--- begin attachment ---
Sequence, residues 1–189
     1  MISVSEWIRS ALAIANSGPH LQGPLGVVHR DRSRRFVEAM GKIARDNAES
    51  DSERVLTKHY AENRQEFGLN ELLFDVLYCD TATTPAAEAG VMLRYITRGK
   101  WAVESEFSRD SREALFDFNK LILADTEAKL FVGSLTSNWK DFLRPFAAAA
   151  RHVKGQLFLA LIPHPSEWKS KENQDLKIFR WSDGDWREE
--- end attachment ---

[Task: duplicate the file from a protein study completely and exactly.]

Sequence, residues 1–189
     1  MISVSEWIRS ALAIANSGPH LQGPLGVVHR DRSRRFVEAM GKIARDNAES
    51  DSERVLTKHY AENRQEFGLN ELLFDVLYCD TATTPAAEAG VMLRYITRGK
   101  WAVESEFSRD SREALFDFNK LILADTEAKL FVGSLTSNWK DFLRPFAAAA
   151  RHVKGQLFLA LIPHPSEWKS KENQDLKIFR WSDGDWREE